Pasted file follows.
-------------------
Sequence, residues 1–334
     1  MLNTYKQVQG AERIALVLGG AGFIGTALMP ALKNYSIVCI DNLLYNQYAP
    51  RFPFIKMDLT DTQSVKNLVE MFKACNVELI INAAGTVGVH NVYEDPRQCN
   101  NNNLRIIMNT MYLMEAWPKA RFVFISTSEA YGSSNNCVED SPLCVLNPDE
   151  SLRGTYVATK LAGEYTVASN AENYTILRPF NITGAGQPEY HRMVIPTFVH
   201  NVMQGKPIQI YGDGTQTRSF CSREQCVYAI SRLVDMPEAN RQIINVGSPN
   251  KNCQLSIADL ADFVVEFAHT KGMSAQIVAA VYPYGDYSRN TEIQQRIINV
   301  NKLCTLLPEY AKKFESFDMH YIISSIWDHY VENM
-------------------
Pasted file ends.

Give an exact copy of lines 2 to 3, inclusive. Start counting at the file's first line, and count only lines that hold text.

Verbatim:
     1  MLNTYKQVQG AERIALVLGG AGFIGTALMP ALKNYSIVCI DNLLYNQYAP
    51  RFPFIKMDLT DTQSVKNLVE MFKACNVELI INAAGTVGVH NVYEDPRQCN